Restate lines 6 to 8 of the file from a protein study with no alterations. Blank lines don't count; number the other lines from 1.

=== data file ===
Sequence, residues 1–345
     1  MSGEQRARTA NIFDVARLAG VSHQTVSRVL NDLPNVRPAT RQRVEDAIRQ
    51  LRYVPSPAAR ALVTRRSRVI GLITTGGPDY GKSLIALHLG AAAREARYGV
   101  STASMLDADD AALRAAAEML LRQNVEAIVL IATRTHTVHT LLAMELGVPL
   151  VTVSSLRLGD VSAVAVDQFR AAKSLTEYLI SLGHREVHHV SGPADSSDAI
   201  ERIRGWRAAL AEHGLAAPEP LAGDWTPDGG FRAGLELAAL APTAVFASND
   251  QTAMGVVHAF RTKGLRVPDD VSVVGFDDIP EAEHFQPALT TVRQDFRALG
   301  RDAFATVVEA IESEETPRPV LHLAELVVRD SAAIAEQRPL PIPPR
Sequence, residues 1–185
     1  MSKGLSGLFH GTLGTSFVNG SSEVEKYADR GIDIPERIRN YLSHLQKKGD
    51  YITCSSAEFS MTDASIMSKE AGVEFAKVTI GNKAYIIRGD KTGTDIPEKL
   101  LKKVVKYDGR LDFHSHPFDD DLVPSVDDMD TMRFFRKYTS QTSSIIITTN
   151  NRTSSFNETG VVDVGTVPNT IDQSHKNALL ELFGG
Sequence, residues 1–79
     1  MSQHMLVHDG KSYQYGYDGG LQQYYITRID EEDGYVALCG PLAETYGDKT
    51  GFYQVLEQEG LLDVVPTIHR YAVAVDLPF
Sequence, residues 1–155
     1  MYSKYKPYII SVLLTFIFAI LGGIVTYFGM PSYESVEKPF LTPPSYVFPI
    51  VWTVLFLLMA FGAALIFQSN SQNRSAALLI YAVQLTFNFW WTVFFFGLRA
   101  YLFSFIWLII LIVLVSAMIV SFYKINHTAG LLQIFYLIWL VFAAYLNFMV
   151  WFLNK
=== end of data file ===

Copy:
   201  ERIRGWRAAL AEHGLAAPEP LAGDWTPDGG FRAGLELAAL APTAVFASND
   251  QTAMGVVHAF RTKGLRVPDD VSVVGFDDIP EAEHFQPALT TVRQDFRALG
   301  RDAFATVVEA IESEETPRPV LHLAELVVRD SAAIAEQRPL PIPPR